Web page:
Cruise along an exclusive private lake near Galway with a dessert of Baked Alaska.
As impressed as I was with Patrick Guilbauld, I was also able to enjoy dinner at another fabulous Michelin-starred restaurant, the Wild Honey Inn, during my stay in County Claire. With its unassuming façade on the outside, one would never expect the unique offerings on the inside. My favorite was my dessert, which was their rhubarb sorbet in champagne and meringue.
Don’t bypass the opportunity to dine at the local pubs, where you can enjoy hearty traditional bowls of soup accompanied by Irish brown bread. Typically paired with the company of a local musician or singer, this experience is not to be missed!
A delightful meal of Irish brown bread and a butternut squash soup with truffle aioli at the Mad Hatter in Galway.
Castle Stays, Boutique Properties, Grand Hotels, Charming Manor Homes
After a long day of adventures, you’ll appreciate the comfortable and luxurious accommodations! Whether you want to relax in beautiful plush bedding or recline in overstuffed chairs with a good cup of tea and your favorite book, there are a variety of options to choose from.
Here are a few of my favorite recommendations from my recent stay:
- Ashford Castle is the ultimate in luxury and authenticity; here you can stay in a castle dating back to 1128 and meander through the endless 26,000 acres of property. Each room is designed and decorated differently, adding to the character of the castle. Ashford Castle also offers various activities for its guests. You can choose from jump-starting your day with an early morning walk with the resident Irish wolfhounds, or relaxing and reclining in the evening in their posh movie theatre which offers movies every evening.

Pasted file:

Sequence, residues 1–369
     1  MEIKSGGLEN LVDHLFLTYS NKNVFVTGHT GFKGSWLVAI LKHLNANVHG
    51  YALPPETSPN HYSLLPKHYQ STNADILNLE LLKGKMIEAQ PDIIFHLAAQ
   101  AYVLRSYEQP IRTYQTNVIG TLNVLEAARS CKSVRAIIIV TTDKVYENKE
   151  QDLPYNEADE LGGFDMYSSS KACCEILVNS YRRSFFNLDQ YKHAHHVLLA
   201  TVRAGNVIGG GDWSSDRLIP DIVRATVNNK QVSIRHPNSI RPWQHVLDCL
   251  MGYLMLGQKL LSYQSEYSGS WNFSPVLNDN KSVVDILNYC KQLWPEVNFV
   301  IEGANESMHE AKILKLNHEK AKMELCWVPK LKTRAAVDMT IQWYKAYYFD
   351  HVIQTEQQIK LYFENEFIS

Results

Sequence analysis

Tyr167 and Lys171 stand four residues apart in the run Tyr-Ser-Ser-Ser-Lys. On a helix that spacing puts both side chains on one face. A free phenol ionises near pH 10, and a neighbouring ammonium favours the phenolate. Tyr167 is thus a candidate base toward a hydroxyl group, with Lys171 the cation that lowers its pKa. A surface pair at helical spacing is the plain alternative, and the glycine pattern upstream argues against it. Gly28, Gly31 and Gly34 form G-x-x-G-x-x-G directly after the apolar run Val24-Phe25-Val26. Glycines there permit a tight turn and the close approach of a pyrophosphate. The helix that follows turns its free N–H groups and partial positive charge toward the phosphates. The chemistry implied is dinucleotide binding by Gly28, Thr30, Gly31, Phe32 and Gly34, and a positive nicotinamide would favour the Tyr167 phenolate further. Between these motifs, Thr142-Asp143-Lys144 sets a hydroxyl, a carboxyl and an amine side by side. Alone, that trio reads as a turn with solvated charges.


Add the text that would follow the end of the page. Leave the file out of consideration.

Junior Stateroom at Ashford Castle.
- Striking and imposing on the outside, Adare Manor boasts a lively atmosphere, warmth, and character on the inside. Located right in the heart of the picturesque village of Adare, with its thatched cottages and local restaurants, the manor offers various activities for guests, including a self-guided architecture and garden tour, or an archery or falconry experience for those craving traditional adventure.
- A perfectly restful and serene stay with an opportunity to enjoy the countryside and catch up on my reading, was time I spent at the charming Gregans Castle Manor. With only 21 bedrooms and suites, the historic Manor is surrounded by the Burren’s unique landscape and lovely gardens. The perfect place to disconnect, you will find no TVs here, so the roar of the fireplace or the soft music occasionally coming from the bar are welcome sounds in this tranquil countryside escape.
- Iconic properties in the heart of Ireland’s major cities, such as The Merrion Hotel in Dublin, offer the chance to embrace city life but still feel as if a quiet oasis surrounds you. I loved the fact that I stepped outside its doors and was within a short walk to the National Art Gallery and the St. Stephen’s Green Park, or the spirited pub called O’Donohue’s. The Merrion’s Georgian architecture and gorgeous world-class art throughout the property all surrounded by its well-appointed gardens make for a splendid stay.
- My stay at the Killarney Park Hotel was the ideal base from which to explore the famed city of Killarney, full of vitality and Irish charm. You can also traverse Killarney National Park and the surrounding Wild Atlantic Way! This nine-county tour of the beautiful western coastline of Ireland offers breathtaking views, interesting historical sites such as the beehive huts, megalithic sites such as Carrowmore, and charming small towns and villages such as Kenmare, Kilkee, and Ballyshannon, to name a few. Just easy steps from many shops and pubs in this lively town of Killarney, I found myself being drawn into a pub right by the hotel with its Irish music and rousing cheers and salutes.
Ireland is an ideal destination with plenty of year-round activities in both the city and countryside. Frontiers, along with our well-connected onsite partners, will create a perfectly crafted, magical experience for you to discover all that the Emerald Isle has to offer!
Some photos courtesy of Gregans Castle Manor, Killarney Park Hotel, and The Merrion Hotel.